This medium imparts a high gloss but not excessive. The presence of Strasbourg Fir Turpentine makes the brush strokes disappear while the paint film slowly flattens out into a very flat and smooth surface. Ideal for painting on primed wooden panels, it may also be used on “drum-tight” stretched canvases. It gives colours brilliance and luminance.

The Portuguese Wax Medium Complement

Recipes of Wax mediums can also be found, among them this one which complements well The Portuguese Oil Painting Medium but that we have adapted a little by replacing the original Venice Turpentine content with Damar Varnish (5-Pound-Cut consistency), because as a complement to the other medium, the presence of the balsam would place the ratio of balsams at a higher point than what we consider a desirable and balanced rate.

The presence of wax mediums is well documented in Portuguese Painting, chiefly from the XVIII Century, when Italian Schools of Art had a major influence in Portugal in several areas of artistic expression, such as Painting, Sculpture, Architecture and even Music (the Italian composer Domenico Scarlatti lived in Lisbon as a Court Composer for long years, just to give an example).

Ingredients By Volume

1 Part – Raw Cold Pressed Linseed Oil
1 Part – Yellow Pure Bees Wax Pellets
1 Part – Damar Varnish (5 Pound-Cut Concentrate)

· Combine the raw cold pressed linseed oil with the bees wax pellets in a pan.

· Heat the mix gently stirring a little until the wax pellets melt into the oil.

· Remove from the heat.

· Now mix in the Damar Varnish, stirring

· Place cold water in a basin and place the pan in the cold water, keep stirring the mix in the pan. The mix starts to set into a soft paste. Be patient and keep stirring as this paste benefits from not allowing it to set alone. Stirring while sharply cooling it in the way we indicate above makes it smoother and prevents the forming of hard wax blobs which are difficult to smooth down when combining this medium with the other one.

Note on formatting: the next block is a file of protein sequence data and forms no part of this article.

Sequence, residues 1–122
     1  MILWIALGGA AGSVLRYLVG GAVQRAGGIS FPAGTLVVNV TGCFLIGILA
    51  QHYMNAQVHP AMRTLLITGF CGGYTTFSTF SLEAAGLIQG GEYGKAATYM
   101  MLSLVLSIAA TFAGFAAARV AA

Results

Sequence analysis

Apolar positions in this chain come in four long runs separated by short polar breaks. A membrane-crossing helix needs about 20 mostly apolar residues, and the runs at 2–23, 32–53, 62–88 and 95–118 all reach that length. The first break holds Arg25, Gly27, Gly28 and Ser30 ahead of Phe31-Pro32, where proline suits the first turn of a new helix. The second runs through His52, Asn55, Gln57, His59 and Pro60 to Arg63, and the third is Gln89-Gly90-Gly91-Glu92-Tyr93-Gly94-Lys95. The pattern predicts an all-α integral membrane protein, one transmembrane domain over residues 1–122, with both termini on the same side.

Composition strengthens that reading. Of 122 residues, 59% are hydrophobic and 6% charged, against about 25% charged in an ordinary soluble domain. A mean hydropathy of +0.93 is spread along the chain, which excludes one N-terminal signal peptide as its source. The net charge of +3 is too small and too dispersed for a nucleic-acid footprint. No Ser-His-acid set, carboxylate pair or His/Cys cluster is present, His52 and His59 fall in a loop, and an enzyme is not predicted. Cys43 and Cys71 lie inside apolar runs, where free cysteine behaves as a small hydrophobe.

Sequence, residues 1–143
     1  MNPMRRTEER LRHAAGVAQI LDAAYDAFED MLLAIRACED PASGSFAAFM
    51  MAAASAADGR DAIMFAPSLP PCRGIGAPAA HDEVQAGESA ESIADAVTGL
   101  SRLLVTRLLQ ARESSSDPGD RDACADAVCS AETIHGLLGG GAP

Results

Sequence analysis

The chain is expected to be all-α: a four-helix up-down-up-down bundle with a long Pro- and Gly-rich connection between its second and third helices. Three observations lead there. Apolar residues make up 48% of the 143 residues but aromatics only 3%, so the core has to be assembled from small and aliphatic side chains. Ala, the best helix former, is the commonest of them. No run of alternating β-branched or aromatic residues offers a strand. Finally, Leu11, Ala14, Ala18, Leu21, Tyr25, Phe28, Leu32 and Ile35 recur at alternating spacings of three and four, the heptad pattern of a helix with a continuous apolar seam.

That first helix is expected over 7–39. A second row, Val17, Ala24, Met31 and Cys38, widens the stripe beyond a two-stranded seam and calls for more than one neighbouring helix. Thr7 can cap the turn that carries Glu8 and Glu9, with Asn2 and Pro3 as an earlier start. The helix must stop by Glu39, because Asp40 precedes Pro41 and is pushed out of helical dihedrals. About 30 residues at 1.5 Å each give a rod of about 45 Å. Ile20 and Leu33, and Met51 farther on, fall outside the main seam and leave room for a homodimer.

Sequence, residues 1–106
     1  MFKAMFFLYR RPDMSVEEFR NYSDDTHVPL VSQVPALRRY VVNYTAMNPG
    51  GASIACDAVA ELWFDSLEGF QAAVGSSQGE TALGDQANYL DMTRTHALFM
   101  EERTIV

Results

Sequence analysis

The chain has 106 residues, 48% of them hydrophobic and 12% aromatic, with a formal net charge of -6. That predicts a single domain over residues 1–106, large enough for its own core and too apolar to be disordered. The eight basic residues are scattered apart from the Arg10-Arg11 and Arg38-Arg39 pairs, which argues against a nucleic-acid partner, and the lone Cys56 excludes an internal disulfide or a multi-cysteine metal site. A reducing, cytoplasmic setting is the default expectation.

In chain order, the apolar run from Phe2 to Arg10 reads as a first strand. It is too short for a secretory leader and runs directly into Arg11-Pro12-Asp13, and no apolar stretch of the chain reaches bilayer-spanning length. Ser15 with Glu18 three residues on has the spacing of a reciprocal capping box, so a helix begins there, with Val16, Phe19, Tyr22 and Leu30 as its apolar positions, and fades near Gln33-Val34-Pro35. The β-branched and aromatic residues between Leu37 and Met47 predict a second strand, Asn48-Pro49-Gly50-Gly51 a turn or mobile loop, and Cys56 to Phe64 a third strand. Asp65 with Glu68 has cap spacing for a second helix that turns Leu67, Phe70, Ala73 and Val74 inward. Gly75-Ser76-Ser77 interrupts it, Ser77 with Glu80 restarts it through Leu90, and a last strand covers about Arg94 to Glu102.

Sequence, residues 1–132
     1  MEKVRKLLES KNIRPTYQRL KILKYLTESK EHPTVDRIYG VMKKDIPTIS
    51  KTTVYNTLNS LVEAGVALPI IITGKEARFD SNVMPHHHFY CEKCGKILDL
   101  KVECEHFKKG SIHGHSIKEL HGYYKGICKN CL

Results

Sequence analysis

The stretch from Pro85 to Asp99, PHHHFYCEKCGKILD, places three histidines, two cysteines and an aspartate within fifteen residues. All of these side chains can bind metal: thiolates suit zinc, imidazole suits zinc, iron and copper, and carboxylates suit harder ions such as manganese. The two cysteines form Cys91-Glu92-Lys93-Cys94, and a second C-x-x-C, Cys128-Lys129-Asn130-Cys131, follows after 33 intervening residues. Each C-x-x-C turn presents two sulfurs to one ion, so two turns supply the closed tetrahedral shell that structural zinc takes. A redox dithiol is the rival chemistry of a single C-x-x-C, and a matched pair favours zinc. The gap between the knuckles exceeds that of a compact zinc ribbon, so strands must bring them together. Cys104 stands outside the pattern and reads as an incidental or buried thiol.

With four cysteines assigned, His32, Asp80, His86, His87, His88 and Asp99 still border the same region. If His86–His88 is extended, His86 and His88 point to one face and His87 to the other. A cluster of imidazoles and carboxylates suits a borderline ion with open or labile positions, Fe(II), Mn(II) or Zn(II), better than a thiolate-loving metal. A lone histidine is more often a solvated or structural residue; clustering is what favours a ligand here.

Simply combine the wax medium at any desired rate with the medium on top of this page. Whereas the first medium imparts a smooth glossy finish, as the Strasbourg Turpentine flats out while drying, the wax medium retains the brush stroke more visible and cuts glossiness just enough.

The two mediums combined make an excellent medium for painting in any style, bring up colour and natural beauty to the paint film.

Keep in mind that both the Portuguese Medium and the Wax Complement are quite fat mediums and therefore should only be used in the last layers of the painting, in-keeping with the fat-over-lean rules. The presence of stand oil in one medium and raw cold pressed in the other medium impart an incredible level of elasticity and toughness to which the balsam on one medium and the Damar on the other contribute to give brilliance of finish and luminance.

As indicated before for the first medium, these two mediums should primarily be used on rigid panels. Use a rigid and stable material.